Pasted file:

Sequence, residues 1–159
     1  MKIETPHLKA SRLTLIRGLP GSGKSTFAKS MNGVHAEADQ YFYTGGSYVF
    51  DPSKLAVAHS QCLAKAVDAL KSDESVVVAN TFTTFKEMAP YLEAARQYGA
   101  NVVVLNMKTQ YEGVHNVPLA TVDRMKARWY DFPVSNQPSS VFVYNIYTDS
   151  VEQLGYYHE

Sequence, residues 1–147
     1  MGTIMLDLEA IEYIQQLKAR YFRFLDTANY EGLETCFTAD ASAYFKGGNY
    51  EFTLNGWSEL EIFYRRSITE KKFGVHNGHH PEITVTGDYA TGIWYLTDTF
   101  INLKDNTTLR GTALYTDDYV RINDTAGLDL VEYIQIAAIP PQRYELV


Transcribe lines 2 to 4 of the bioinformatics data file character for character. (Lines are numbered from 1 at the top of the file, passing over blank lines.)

     1  MKIETPHLKA SRLTLIRGLP GSGKSTFAKS MNGVHAEADQ YFYTGGSYVF
    51  DPSKLAVAHS QCLAKAVDAL KSDESVVVAN TFTTFKEMAP YLEAARQYGA
   101  NVVVLNMKTQ YEGVHNVPLA TVDRMKARWY DFPVSNQPSS VFVYNIYTDS